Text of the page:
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HSU president Gerard Hayes says kitchen staff in nursing homes should be classified as aged care workers. Picture: Bianca De Marchi/NewsCorp.

HSU takes aged care caterer to federal court

A major aged care union has taken an aged care catering service to the federal court for not paying penalty rates to staff on weekends.

The Health Services Union commenced “precedent-setting” legal action on Saturday to prevent aged care operator, Catering Industries, from engaging catering staff under the hospitality award while working in an aged care facility.

The case is centred on staff at a Port Botany aged facility who have insisted it is their right to bargain under the Aged Care Award despite the refusal of Catering Industries to accommodate.

“We saw through the Royal Commission just how important food is, with residents in some facilities being served jelly and frankfurts,” HSU National President Gerard Hayes said.

“The endless splintering of the workforce undermines the bargaining position of all aged care staff and keeps wages rock bottom.”

The base rate of pay is lower under the hospitality award and weekend penalty rates are 25 per cent higher under the aged care award.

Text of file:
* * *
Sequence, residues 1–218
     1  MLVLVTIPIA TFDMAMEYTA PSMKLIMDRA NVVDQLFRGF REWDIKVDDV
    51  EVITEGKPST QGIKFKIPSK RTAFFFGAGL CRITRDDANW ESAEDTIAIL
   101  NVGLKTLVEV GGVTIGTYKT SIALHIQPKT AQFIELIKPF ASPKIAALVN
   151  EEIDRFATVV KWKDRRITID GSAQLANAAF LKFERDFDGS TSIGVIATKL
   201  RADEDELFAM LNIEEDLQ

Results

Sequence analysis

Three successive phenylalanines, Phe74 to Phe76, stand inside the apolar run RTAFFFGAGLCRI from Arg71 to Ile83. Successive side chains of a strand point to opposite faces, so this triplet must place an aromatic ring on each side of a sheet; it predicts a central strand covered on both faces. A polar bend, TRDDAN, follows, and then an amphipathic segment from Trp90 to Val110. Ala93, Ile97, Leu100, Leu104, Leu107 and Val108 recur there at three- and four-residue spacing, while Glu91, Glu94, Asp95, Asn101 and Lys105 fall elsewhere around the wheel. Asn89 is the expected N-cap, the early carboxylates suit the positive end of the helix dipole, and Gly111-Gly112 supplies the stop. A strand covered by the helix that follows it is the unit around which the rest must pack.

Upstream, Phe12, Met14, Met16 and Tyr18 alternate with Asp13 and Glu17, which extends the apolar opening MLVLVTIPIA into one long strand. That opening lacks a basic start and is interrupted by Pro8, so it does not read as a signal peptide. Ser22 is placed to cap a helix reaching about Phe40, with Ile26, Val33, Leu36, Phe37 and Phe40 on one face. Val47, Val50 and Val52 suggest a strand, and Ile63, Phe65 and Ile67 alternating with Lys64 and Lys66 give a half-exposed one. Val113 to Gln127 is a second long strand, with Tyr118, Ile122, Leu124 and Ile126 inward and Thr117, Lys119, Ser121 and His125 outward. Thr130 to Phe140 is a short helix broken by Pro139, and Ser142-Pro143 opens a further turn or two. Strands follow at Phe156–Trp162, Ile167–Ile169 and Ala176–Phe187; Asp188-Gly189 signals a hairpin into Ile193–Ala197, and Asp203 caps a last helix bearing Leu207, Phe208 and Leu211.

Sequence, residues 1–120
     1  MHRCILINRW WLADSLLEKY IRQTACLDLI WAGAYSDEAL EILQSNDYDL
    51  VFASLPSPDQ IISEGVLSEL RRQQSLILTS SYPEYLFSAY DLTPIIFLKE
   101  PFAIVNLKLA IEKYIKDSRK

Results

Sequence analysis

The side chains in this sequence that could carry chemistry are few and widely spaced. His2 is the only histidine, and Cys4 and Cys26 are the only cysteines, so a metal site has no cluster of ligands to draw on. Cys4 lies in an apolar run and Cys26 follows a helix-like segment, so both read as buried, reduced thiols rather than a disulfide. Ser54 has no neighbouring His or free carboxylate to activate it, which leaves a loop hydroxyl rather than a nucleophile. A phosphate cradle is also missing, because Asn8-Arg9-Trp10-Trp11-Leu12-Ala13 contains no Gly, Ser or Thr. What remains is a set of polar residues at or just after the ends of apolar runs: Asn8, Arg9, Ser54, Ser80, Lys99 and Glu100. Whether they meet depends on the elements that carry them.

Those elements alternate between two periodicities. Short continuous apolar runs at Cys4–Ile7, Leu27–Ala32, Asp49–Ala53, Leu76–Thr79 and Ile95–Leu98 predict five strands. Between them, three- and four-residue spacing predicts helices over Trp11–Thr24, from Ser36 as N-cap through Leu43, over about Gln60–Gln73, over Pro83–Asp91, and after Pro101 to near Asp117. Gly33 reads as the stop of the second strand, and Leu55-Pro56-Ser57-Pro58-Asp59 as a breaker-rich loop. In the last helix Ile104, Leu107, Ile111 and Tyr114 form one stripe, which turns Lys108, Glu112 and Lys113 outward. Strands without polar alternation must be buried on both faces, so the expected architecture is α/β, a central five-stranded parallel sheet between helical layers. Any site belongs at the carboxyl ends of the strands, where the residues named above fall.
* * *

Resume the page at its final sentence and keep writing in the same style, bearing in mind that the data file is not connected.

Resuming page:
A full-time cook who has worked in aged care for 13 years will be around $4200 a year worse off in wages.

While a full-time supervisor managing an aged care kitchen working the same shifts is $3175 worse off.

This is before either of them had completed any overtime or worked a public holiday.

“Some catering companies might argue they have seasonal or event-based work. But the nutrition needs of our elderly do not stop and start. They require constant attention,” Hayes said.

“You can’t carve out catering or cleaning from care and health, the same employer should be responsible for the vast bulk of the aged care effort”

The HSU is also pursuing legal action with the Fair Work Commission to raise wages industry-wide by 25 per cent.

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